Very emotional rock though.
Yeoh: Very, it was one of my favorite scenes.
Evelyn was in so many universes, but for any of the Evelyns, what do you connect most with her?
Yeoh: I don’t connect with Evelyn. When I come into a film—Evelyn is a real character. Evelyn has a past. Evelyn has a journey. Evelyn has dreams and hopes. And I have to respect and treat her as such. So Evelyn has to find her own emotions and find her own journey. Yes, as an actor, as a person, there are things that you’ve experienced, and it helps. But this journey is very special to this person called Evelyn Wang. And so when she walks in there, she’s frustrated, she’s frazzled. You know, she’s trying to deal with so many things. But it’s a journey of discovery and I cannot take that away from Evelyn. So it is a very interesting process; it is a little mental, because you have to disassociate yourself and I’ve always done that, because it helps with my work. Because it cannot be so personal that at the end of the day, it’s not the story you’re telling. Then it becomes only your own story, which I find that it doesn’t really work for me as an actor, because I like to give space to these different worlds and different characters that I’ve had the opportunity to portray.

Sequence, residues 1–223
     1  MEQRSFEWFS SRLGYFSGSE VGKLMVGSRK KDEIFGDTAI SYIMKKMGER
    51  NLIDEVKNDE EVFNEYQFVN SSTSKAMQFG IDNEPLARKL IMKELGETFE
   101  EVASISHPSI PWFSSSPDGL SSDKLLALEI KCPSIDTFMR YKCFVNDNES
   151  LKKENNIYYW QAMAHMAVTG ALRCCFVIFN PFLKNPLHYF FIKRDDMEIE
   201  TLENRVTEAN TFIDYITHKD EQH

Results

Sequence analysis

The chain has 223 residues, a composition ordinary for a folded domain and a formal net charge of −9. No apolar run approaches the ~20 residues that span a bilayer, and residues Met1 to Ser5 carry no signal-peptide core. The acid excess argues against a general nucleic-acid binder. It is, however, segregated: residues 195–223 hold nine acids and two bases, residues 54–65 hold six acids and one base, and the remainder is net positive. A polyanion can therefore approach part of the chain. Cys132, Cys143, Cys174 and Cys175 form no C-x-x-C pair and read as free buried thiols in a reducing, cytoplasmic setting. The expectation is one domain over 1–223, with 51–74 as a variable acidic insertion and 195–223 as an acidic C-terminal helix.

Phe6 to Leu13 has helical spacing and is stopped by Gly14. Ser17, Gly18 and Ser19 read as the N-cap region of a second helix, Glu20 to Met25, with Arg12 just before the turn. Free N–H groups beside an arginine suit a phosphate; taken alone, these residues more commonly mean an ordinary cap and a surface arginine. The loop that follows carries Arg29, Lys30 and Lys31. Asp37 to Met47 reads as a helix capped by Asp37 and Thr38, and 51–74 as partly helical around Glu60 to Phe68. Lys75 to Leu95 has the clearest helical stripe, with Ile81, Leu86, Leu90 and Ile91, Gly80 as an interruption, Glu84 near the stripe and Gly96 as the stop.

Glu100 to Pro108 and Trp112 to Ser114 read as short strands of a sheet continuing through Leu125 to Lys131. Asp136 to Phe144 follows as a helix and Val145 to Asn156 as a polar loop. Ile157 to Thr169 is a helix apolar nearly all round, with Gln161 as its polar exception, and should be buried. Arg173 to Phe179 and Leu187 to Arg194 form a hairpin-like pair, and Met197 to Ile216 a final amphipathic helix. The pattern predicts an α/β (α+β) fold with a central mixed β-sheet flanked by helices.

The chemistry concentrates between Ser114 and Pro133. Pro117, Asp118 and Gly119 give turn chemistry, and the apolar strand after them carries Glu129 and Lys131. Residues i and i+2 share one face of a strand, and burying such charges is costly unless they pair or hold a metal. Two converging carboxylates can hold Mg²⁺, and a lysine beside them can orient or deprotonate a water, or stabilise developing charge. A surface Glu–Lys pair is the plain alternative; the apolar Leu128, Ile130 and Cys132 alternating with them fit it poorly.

I love how effortlessly Chinese this movie is; you know, you go from Cantonese to Mandarin to English all the time. Was there anything, culturally Chinese with this movie that resonates with you, or that you hope audiences seeing themselves when they watch this movie?